In the wake of the great demonetization, India’s small business are reporting tough times: a third of the jobs in the sector have been cut and revenues are down by half in the 34 days since Narendra Modi, the country’s prime minister, announced his plan to scrap 86 percent of the nation’s banknotes.
A report by the All India Manufacturers’ Association indicates that small services companies have not only cut 35 percent of the staff so far, but that they are likely to layoff another 25 percent before Q1 is even over. Larger firms in infrastructure of exports are also feeling the pinch, but to a much lesser degree. According to the data, small manufacturers have seen revenues fall by a relatively modest 15 percent, and have cut just 5 percent of their workers.
This is just the latest in a run of data that indicates that the economic experiment launched by Mr Modi on November 8 will have some very costly short term consequences for an economy that had heretofore been growing at a rate of 7.6 percent a year.
Maruti Suzuki, one of the country’s biggest carmakers, noted that sales were down 4.4 percent in November when compared with the same period in 2015. According to a report in the Times of India, sales in the overall consumer durables sector fell by 37-38 percent that month.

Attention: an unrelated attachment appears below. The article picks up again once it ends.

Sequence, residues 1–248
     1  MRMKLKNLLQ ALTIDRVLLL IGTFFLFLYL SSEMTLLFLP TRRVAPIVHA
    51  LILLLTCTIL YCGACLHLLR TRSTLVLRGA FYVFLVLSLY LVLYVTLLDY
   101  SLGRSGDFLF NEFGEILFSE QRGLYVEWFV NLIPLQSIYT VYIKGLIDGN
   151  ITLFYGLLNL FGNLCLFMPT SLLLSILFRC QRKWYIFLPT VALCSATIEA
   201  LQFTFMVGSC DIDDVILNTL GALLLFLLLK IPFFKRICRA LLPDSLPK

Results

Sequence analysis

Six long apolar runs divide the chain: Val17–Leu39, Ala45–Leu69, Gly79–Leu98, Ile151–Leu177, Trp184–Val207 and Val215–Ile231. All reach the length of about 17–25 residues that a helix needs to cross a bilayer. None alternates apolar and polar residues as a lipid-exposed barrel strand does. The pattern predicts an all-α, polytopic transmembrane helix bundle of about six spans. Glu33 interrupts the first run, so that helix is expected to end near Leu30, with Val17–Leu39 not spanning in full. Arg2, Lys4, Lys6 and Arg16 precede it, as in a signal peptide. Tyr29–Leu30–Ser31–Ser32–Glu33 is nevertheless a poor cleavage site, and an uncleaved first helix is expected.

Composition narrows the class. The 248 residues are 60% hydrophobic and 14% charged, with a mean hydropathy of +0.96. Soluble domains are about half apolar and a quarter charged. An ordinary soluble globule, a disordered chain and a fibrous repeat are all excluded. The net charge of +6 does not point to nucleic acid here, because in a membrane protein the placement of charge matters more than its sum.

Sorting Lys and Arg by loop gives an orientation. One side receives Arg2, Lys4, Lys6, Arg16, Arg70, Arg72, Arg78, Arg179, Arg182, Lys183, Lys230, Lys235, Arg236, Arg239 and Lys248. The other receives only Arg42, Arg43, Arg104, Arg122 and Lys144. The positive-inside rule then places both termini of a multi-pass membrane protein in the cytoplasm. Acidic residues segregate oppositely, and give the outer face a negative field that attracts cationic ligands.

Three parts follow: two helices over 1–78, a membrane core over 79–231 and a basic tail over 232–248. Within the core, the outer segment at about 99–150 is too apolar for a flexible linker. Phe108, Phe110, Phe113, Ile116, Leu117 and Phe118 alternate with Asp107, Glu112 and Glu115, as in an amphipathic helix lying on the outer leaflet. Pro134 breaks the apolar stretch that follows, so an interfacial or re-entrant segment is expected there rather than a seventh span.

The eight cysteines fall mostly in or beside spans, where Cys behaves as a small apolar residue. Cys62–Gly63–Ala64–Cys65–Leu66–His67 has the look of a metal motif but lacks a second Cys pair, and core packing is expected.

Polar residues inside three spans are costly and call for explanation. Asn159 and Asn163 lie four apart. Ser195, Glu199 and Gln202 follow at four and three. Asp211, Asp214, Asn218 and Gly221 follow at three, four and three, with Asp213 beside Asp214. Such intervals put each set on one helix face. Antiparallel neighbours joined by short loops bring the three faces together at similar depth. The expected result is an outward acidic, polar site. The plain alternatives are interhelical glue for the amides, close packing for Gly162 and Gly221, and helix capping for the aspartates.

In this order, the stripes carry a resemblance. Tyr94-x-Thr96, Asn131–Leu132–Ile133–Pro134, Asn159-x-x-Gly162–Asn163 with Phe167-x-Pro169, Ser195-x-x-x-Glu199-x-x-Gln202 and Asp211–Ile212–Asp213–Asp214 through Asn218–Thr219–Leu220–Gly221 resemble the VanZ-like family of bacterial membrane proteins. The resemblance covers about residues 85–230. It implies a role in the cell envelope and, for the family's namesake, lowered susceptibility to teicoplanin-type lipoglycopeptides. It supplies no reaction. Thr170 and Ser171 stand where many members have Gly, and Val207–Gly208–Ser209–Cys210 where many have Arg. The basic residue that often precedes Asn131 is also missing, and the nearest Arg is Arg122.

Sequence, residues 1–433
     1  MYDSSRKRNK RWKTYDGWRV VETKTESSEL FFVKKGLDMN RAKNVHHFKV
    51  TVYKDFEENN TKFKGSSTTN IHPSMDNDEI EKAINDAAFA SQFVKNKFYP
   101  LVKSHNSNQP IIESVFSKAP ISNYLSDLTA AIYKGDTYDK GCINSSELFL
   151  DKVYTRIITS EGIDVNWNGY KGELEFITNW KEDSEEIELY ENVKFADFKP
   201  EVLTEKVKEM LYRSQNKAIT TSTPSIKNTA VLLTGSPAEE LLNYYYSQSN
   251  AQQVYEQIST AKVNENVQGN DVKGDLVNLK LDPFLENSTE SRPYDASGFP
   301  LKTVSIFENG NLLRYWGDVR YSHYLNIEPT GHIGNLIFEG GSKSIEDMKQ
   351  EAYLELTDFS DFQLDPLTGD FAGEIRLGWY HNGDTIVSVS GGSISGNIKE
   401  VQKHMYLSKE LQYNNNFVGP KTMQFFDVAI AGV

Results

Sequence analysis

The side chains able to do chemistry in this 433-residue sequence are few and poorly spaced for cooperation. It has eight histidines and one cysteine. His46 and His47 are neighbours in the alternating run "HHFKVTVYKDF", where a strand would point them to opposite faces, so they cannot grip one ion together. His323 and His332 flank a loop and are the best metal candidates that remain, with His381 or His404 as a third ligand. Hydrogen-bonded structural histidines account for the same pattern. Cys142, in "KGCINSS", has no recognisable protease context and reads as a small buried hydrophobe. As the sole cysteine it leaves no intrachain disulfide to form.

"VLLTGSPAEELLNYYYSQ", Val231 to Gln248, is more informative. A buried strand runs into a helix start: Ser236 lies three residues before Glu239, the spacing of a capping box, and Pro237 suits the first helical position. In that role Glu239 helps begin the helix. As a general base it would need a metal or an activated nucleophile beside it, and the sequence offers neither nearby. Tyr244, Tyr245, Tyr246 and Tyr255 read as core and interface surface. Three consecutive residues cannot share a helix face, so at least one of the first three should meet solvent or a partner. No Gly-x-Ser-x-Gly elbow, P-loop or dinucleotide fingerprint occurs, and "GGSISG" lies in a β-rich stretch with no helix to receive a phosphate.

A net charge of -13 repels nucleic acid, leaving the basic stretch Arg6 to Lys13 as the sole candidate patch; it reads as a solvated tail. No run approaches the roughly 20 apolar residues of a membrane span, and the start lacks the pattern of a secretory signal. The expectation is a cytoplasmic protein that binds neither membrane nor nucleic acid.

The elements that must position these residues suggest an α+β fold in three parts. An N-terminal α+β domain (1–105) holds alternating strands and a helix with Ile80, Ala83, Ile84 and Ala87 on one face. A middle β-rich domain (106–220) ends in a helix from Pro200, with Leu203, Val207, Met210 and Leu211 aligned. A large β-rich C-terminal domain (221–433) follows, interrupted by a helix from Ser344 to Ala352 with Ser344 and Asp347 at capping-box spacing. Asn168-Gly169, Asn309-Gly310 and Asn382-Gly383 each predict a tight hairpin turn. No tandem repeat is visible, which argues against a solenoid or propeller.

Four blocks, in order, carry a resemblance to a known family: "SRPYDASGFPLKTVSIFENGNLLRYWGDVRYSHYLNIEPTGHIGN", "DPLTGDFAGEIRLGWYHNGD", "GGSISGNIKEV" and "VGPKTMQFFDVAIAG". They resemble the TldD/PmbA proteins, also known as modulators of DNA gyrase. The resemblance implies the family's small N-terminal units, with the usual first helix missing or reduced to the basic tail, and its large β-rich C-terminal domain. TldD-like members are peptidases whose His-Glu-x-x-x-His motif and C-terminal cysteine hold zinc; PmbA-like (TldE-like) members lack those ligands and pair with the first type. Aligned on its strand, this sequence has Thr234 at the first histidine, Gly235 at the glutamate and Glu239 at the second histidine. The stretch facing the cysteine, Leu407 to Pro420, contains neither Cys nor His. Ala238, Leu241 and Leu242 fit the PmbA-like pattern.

“This is an amber light — the situation is of great concern,” noted K E Raghunathan, president of AIMO, noting that despite his organization’s support for Mr. Modi’s move, the changes and upheaval have been much more serious much faster than had been widely predicted.
But ministers within the government maintain that the concerns are a bit overblown — and that the economy is still on track to achieve growth of more than 7 percent this fiscal year. The financial ministry also released figures yesterday (Jan 9) that direct taxes had risen 12 percent between January and December — although economists pointed out that period included both many months of uninterrupted growth and several tax rises.
And tensions run high — especially when it comes to gas, as ministers are caught in a dispute between gas station owners and banks over cashless payments, which saw the country’s petrol dealers threaten to stop taking cards even as most ATMs remain closed.
Over the weekend, banks including HDFC and Axis announced plans to reintroduce transaction fees on card payments for petrol, which were suspended to help cash-strapped consumers continue running their vehicles. But those fees, especially for station owners, are a very big issue.
“We are operating on a very low margin in India . . . and cannot afford [this] kind of a surcharge,” noted Ajay Bansal, president of the All-India Petroleum Dealers’ Association. “We have stopped using those particular machines that have announced the changes.”